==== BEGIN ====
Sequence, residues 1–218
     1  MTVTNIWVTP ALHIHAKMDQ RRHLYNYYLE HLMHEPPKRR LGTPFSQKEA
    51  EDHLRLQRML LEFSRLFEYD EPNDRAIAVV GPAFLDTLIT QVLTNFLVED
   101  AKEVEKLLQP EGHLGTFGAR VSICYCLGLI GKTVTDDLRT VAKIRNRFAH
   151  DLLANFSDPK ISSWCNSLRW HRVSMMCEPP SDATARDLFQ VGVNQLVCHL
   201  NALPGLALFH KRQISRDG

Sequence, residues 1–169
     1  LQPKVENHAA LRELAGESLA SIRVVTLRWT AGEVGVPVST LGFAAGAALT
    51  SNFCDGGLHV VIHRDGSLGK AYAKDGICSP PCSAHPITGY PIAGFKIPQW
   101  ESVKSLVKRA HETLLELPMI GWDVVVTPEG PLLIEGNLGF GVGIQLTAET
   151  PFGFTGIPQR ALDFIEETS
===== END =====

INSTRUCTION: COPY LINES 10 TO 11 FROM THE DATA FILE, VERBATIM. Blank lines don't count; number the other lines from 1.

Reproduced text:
   101  ESVKSLVKRA HETLLELPMI GWDVVVTPEG PLLIEGNLGF GVGIQLTAET
   151  PFGFTGIPQR ALDFIEETS